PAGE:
My experinece with young students is that sometimes they get silly and put funny caption bubbles above my head or position me into some wild locations, such as a bar or deserted island, but this was a first. I admit this young man was sitting directly centered on the pose, about 4 feet away and everything I own was exposed to him. I could have been just too much, although if you check my photo file, you'll see I'm not very "intimidating." ;-) Anyway, I just chuckled and walked away with a smile -- on my face. But this does lead to the question, how many young students avoid capturing the form and shape of male genital in long poses? And are female students more likely to avoid drawing them than male students, or vise-versa? Any comments or viewpoints on this anyone?
A good part of it can be explained in this Web article by a lady artist.
A male artist had this to say about the men who want a young-girls-only retinue of models.
In the instance cited by the model, it is reasonable to assume that the student was succumbing to societal biases, and was hesitant to depict his equipment for fear of being called "gay". Men of college age are not yet mature enough to create within themselves a set of values that is independent of what others might think or say. And unfortunately, as the first quote says, many men never outgrow that insecurity. Thus they refuse to draw half of the human race because that half has external genitalia. Or in the case of the student, to "euphemize" it with a happy face.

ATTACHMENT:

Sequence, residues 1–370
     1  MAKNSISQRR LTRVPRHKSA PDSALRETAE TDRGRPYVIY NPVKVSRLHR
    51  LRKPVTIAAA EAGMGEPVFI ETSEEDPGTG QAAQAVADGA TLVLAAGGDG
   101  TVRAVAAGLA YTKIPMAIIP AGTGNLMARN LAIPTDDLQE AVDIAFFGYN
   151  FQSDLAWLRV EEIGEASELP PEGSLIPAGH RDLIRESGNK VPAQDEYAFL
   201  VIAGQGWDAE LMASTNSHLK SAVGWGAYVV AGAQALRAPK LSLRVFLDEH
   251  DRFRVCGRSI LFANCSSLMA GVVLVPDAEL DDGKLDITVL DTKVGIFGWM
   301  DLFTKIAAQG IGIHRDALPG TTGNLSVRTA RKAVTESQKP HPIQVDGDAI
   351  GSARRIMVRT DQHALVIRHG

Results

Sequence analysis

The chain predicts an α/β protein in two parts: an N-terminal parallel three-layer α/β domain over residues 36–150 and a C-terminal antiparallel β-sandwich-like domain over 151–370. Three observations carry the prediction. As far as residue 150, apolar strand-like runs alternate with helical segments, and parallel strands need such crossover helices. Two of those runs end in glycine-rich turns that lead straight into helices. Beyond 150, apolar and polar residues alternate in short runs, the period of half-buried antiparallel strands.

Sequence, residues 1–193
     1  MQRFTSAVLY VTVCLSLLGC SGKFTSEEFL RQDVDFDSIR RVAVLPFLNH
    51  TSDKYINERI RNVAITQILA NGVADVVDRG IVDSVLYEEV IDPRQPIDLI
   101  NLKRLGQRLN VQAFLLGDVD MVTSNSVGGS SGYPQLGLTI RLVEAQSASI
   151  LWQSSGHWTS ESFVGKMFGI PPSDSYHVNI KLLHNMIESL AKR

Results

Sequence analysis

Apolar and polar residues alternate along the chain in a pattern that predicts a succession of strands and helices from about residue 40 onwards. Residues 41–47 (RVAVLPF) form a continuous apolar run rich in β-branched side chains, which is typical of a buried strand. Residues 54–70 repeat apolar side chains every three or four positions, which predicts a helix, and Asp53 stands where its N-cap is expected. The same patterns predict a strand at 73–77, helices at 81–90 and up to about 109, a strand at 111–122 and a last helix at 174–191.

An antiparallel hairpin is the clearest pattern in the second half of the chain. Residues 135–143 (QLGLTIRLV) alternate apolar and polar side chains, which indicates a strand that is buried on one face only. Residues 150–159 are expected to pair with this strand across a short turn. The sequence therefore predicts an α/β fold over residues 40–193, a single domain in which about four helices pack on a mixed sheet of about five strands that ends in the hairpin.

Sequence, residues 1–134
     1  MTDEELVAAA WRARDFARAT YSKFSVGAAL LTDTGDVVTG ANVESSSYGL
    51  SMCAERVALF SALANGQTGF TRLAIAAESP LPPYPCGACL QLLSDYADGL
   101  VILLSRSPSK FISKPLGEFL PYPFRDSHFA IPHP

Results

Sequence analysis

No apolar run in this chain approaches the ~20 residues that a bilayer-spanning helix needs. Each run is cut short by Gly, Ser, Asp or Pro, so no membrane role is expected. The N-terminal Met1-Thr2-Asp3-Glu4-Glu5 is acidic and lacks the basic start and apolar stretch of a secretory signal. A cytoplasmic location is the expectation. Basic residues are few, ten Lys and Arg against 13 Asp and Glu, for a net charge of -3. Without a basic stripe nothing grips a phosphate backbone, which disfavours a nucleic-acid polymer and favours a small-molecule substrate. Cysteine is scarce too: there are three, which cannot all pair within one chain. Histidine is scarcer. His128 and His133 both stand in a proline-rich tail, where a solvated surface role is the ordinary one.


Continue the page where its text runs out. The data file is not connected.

One wonders if the young man would omit the stems on a bowl of still-life fruit.
I wrote to the model, "If you pose for the lad again, ask him if he thinks that Michelangelo felt 'gay' when he was sculpting the awesome 17-foot tall statue of David. Ask him to guesstimate how long Michelangelo took to shape and refine the three-times-normal-size penis and testicles on his masterwork. It required far more attention to detail than would be needed or expected on a charcoal drawing in a college art class."
Analytically, David's manhood is a cylinder and two ovals, but in Michelangelo's hands they became a perfect part of the perfect whole.
Did Michelangelo take four years (1501-1504) of meticulous care in reproducing in marble the beautiful nude body of his model because he was "gay", or was it because he was the consummate artist creating a work that will be revered for millenia to come?
Hopefully, the young fellow will set aside his foolish cultural inhibitions and depict the human body as it is, without the self-censorship.
For the record, here is that magnificent work of art, with no smiley faces to detract from it.
Earlier, a quoted source mentioned Lucien Freud's famous "Benefits Supervisor Sleeping" as an example of the exceptions to the hot-bodied 20-somethings rule. This is that painting.
This very familiar pose is called the Flandrin pose, after Hippolyte Flandrin (1805-1864).
This is La Morte Hyacinth by Fernand Cormon.
And this is Cupid and Psyche in the Nuptial Bower, by Hugh Douglas Hamilton.
All of the artists needed models for their masterpieces. There could be an artist looking for a muse for the next artwork. Is that source of inspiration you?